Among the many talents of Simon de Pury is his immaculate use of the double-cheeked air kiss at gallery openings.
“Hello? Oh, hello! Yes, yes”—kiss, kiss—“Oh, well, thank you for coming, aren’t you, ah, wait, hello, just amazing that you’re here”—kiss, kiss—“Yes, it’s lovely, yes? Just lovely to see you and, oh yes, hello! It’s just a pleasure”—kiss, kiss, kiss—“that you came by.”
Mr. de Pury was standing in the middle of “Guillaume Bruère: Vanilla,” a show at Nahmad Contemporary he curated with his wife Michaela de Pury under the auspices of de Pury de Pury. That’s the private art dealing outfit they formed in 2013 after both leaving Phillips de Pury auction house, where he was the chairman and his wife, formerly a co-owner and head of the Munich auction house Neumeister, was a senior partner.
The glow of the man in the Savile Row suit burned at this space on the third floor of 980 Madison. Everyone said hello to Simon. (Everyone always says hello to Simon.) The show is the work of a nobody genius named Guillaume Bruère, who Mr. de Pury discovered some months ago, dragged from the metaphorical gutter and lifted up like an astronaut to the top of New York City, his art like Schiele meets Basquiat in a way that wows and bores in wonderful shifting ratios.
Down the hall, at Venus Over Manhattan Gallery, there’s a group show curated by Mr. de Pury, this one called “Fire!,” named such because each piece is kiln-made or glass-blown—believe it or not, it’s a ceramics show. So he’s got the whole floor. When “Fire!” opens tonight, it will make him the de facto mayor of Manhattan’s most major gallery-stuffed edifice.
It’s his first public tango on the art world dance floor since leaving a career in the public auction racket, first prominently at Sotheby’s, then his own firm, to just do Simon: lead auctions at private galas from Macau to Monte Carlo, facilitate private sales for ungodly sums, fop around in gorgeous suits on foreign atolls, spin 50 Cent and Puff Daddy and Kanye West as a DJ for hire, Instagram nonstop, hobnob with the best of them, be free of the constraints of auction dates. Ah, the life.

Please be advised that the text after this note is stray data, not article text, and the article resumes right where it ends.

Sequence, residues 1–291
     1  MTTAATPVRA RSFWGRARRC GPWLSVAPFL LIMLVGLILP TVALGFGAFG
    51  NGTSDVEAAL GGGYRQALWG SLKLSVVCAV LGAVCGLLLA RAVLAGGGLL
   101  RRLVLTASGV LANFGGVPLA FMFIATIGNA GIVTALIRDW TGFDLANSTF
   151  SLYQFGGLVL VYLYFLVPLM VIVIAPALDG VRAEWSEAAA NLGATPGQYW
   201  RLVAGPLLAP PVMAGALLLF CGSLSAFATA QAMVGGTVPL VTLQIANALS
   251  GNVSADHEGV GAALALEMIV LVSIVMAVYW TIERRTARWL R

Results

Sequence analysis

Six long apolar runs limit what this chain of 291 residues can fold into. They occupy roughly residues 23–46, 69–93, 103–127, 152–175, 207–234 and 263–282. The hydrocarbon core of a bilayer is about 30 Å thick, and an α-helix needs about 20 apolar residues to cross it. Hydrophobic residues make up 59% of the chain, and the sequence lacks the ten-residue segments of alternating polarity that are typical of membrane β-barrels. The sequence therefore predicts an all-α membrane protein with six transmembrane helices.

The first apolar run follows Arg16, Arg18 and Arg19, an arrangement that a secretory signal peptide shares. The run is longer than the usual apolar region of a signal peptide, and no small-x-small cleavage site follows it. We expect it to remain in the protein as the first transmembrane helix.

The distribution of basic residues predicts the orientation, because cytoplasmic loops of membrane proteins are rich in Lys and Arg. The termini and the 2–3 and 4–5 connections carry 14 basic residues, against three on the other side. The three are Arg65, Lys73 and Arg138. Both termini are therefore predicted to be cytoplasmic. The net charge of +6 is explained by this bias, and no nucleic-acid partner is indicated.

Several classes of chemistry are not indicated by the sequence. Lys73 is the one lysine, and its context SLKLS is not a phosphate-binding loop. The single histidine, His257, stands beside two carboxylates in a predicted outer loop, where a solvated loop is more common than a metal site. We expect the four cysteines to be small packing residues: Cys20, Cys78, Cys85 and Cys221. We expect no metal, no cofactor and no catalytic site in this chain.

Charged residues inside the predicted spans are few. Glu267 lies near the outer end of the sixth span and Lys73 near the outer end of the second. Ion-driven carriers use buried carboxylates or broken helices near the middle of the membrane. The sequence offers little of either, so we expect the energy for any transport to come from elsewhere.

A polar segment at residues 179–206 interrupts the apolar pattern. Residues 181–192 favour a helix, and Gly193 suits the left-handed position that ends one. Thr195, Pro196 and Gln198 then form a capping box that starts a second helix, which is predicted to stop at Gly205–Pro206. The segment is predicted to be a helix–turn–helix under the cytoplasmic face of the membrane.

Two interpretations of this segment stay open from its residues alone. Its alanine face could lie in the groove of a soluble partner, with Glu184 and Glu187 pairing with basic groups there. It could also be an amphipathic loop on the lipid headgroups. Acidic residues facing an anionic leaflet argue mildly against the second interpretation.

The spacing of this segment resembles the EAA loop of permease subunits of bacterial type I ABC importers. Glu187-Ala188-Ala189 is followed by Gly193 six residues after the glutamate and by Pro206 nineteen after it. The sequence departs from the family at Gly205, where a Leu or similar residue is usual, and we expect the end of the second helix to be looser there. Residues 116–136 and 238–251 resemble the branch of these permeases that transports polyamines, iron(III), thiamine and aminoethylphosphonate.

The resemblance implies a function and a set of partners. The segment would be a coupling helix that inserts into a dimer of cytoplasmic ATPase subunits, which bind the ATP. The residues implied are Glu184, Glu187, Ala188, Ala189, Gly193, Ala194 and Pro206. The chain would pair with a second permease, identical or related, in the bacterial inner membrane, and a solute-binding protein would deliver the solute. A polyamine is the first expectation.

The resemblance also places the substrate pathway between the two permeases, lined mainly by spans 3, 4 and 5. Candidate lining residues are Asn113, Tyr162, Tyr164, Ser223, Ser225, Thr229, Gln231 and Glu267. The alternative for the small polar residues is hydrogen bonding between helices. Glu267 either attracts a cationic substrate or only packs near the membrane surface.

As the opening was ending, a starry eyed woman in the throes of adoration, seemingly nearing 90, came up to say hello and said “Oh, Seeee-MON!” as if these words were her last. The former auction house chairman turned from a conversation and—with not a beat missed—mock-kissed the air preciselly 2 inches away from her cheek, mock-kissed the air 2 inches from her other cheek, mock-kissed the air 2 inches from her hand.
A week and a half later, Mr. de Pury was sitting with his wife at a zebra-print table in the Mark Hotel’s lobby bar. Mr. de Pury had swapped one of his perfect suits for perfect jeans and a perfect button-down, and though he had just an hour earlier come in from Paris, he could not be more awake, alert, excitable. It was last Sunday night and “Fire!” was to open in 70 hours.
The install had yet to get started, and we suggested that perhaps this made Venus Over Manhattan owner Adam Lindemann slightly nervous.
“Adam is an old friend of ours—he found his wife at Phillips,” he said. “So Adam asked us once, ‘Why don’t you guys curate a show for me?’ And that’s when Michaela and myself came up with the idea.”
This idea, as it happens, would be ceramics.
“We thought, let’s don’t show the ‘Next Young Artist’ or whatever,” said Ms. de Pury (immediately after saying this, she realized that next door, at Nahmad Contemporary, they were indeed showing the ‘Next Young Artist’ or whatever).